Drexel dragonThe Math ForumDonate to the Math Forum



Search All of the Math Forum:

Views expressed in these public forums are not endorsed by Drexel University or The Math Forum.


Math Forum » Discussions » sci.math.* » sci.math.independent

Topic: Can L(<) be the language of the naturals?
Replies: 7   Last Post: Sep 2, 2013 10:55 AM

Advanced Search

Back to Topic List Back to Topic List Jump to Tree View Jump to Tree View   Messages: [ Previous | Next ]
fom

Posts: 1,968
Registered: 12/4/12
Re: Can L(<) be the language of the naturals?
Posted: Sep 2, 2013 10:55 AM
  Click to see the message monospaced in plain text Plain Text   Click to reply to this topic Reply

On 9/1/2013 10:07 PM, Virgil wrote:
> In article
> <0.bae957e5d0142561b752.20130901195027BST.87wqn0wf4c.fsf@bsb.me.uk>,
> Ben Bacarisse <ben.usenet@bsb.me.uk> wrote:
>

>> Virgil <virgil@ligriv.com> writes:
>>

>>> In article <kvvu1c$b1j$2@news.albasani.net>,
>>> Peter Percival <peterxpercival@hotmail.com> wrote:
>>>

>>>> David Hartley wrote:
>>>>> In message <52236CD3.1030800@osu.edu>, Jim Burns <burns.87@osu.edu>
>>>>> writes

>>>>>> If I say that I have a set with a semi-infinite,
>>>>>> discrete, linear order, (N, <), is that enough to
>>>>>> define the naturals?

>>>>>
>>>>> I'm afraid not. Thee are many other orderings satisfying your axioms.
>>>>> E.g. N + Z - i.e. a copy of N followed by a copy of Z.

>>>>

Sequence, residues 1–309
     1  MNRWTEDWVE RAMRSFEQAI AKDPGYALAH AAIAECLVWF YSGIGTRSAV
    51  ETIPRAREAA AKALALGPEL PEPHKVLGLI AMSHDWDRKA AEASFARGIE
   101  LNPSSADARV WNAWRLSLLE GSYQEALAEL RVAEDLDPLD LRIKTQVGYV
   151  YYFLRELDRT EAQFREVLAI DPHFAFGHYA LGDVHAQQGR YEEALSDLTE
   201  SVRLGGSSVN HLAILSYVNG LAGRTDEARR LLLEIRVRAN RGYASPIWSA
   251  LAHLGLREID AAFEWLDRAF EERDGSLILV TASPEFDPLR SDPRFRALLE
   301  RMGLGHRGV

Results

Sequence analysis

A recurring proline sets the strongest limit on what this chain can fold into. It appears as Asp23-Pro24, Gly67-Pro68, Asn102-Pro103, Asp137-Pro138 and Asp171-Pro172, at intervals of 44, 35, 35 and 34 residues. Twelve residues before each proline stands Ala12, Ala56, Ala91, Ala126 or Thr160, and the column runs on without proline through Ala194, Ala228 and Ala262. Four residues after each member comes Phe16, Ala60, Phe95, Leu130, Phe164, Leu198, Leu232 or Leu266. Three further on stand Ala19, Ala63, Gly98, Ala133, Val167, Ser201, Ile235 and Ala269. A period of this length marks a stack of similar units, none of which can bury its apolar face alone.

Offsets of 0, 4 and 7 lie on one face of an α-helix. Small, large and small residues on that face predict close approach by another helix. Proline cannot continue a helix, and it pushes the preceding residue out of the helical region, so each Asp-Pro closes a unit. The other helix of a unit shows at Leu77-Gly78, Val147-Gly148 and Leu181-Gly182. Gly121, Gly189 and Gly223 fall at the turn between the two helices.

>>>> Also, there is no recursive set of first order axioms that will capture
>>>> just the natural numbers.

>>>
>>> What's wrong with the von Neumann model?

>>
>> Nothing, but it's only one model. There will always be others that
>> satisfy the axioms but which have non-standard numbers.

>
> No others that can be defined purely in terms of an empty set, and such
> elementary set operations.
>


You have a number of views which are non-standard.
Alan Smaill pointed that out to you recently.

Peter made a statement in his reply concerning how
"second-order is a different story". The remarks in
the link,

http://plato.stanford.edu/entries/paradox-skolem/#3

should convey some of how "the different story"
relates to Peter's response.

It is the mathematics of universal algebra rather
than the principles of logic which dominate
model theory.

You might find the latter part of Section 3.2 interesting.

It discusses the fact that there are skeptics of
Skolem's ideas. Among the remarks there you will
find:

"any sufficiently general criticism of realism would
apply to the Skolemite's own model theory as much as
it does to classical set theory"







Point your RSS reader here for a feed of the latest messages in this topic.

[Privacy Policy] [Terms of Use]

© Drexel University 1994-2014. All Rights Reserved.
The Math Forum is a research and educational enterprise of the Drexel University School of Education.